“AskAway lets British Columbians get the information they need from a real librarian in real time using a simple live chat format – no matter where they live in the province,” said Bond. “By putting the knowledge and resources of librarians online, AskAway will help make B.C. the best educated, most literate jurisdiction in North America.”

The Province is partnering with public and post-secondary libraries to provide the AskAway virtual reference, which is available at The Province has provided $530,000 in start-up funding and will contribute $350,000 in ongoing annual funding. AskAway will be staffed by public and post-secondary librarians.

AskAway uses special software to connect 160 librarians from 46 public libraries to residents across the province. AskAway also connects 100 librarians from 20 post-secondary institutions. The academic librarians provide specialist resources for post-secondary students, including access to academic research databases.

“This information age has created a more focused, competitive world for post-secondary learners,” said Coell. “To thrive, our students need fast access to the real research and high quality information that AskAway librarians can provide, whether they are in Fort St. John or Vancouver.”

AskAway is a key component of the government’s election commitment to expand library access and services to British Columbians across the province. It also expands on a pilot project carried out by post-secondary institutions. Since the start of the pilot in late September, college and university librarians have fielded more than 800 questions on topics ranging from political figures of the past to psychology research papers.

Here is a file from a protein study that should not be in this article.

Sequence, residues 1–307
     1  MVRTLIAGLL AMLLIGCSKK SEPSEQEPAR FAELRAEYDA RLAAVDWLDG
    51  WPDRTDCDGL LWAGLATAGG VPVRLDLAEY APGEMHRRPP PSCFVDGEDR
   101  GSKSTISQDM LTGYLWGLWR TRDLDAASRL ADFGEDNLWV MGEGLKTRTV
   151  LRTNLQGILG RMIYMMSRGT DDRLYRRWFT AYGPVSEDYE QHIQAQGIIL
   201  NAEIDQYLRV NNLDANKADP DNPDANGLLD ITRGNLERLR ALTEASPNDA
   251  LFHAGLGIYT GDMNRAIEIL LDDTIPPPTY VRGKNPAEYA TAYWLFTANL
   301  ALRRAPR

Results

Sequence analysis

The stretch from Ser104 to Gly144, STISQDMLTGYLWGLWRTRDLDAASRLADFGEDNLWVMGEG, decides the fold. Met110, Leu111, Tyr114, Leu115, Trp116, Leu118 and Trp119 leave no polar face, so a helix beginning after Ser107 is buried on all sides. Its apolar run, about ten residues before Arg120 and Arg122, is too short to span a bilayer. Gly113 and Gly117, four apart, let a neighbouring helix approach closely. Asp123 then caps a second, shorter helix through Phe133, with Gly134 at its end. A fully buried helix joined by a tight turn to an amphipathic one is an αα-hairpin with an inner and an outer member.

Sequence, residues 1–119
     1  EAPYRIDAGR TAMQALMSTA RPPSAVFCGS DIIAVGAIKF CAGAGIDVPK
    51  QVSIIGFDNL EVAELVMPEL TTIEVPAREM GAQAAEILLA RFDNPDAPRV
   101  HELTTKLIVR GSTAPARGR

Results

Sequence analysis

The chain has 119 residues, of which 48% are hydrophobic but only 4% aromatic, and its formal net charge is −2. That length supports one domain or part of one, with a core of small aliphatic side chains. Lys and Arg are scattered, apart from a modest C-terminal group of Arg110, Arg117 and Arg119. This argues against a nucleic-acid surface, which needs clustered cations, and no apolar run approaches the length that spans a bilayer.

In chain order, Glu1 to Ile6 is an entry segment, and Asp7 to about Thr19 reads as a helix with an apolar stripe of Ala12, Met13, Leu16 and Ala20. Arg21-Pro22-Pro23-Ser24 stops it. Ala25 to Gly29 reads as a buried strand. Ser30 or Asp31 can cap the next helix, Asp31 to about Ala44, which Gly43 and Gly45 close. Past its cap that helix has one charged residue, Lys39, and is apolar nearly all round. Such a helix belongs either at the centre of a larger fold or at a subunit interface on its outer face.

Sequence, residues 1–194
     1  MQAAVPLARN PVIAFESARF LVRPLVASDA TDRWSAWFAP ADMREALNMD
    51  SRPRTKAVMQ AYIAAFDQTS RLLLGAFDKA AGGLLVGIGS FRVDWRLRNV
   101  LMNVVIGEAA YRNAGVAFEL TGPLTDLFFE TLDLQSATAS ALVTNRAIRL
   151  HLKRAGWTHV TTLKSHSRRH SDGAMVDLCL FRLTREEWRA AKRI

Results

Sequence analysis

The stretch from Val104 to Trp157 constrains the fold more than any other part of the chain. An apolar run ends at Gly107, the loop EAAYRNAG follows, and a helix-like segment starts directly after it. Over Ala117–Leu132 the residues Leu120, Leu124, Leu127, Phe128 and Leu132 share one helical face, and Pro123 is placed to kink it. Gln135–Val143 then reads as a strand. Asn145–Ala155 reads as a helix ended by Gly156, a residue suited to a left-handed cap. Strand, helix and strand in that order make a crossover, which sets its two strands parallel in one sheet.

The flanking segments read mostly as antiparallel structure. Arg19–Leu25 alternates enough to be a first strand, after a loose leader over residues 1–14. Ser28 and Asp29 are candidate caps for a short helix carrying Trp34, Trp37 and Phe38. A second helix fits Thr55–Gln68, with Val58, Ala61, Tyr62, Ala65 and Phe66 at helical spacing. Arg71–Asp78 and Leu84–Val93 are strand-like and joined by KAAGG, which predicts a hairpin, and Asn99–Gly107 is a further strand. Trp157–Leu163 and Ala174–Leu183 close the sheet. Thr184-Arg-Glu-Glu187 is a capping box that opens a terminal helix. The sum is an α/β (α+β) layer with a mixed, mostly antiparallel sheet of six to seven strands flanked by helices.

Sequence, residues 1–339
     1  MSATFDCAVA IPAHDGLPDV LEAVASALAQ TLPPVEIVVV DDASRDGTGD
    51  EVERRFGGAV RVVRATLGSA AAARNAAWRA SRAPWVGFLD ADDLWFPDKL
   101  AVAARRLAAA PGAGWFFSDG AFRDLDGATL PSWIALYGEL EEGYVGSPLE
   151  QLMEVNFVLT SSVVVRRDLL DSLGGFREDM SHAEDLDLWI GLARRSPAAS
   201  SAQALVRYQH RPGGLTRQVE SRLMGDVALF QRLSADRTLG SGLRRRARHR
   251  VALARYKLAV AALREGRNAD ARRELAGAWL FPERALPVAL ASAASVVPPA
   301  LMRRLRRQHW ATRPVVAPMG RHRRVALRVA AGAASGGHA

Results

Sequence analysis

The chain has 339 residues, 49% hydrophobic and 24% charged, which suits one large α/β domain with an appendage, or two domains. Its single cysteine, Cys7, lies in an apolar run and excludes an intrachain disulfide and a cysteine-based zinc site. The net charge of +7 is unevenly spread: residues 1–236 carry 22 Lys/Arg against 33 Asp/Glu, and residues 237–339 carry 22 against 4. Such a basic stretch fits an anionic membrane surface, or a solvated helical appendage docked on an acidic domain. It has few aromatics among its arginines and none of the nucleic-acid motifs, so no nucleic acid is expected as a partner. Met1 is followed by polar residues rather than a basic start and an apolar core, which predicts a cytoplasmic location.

B.C. has one of the highest rates of Internet connectivity in the country, with almost 70 per cent of residents having online access, either at home or through a local community centre. With AskAway, Internet users who can’t get to a library during regular business hours or live in remote areas will still be able to get the information they need.

“AskAway dramatically enhances access to the important service that librarians provide,” said Lawrence Lavender, president of the B.C. Library Trustees’ Association. “It puts expert help just a click away.” "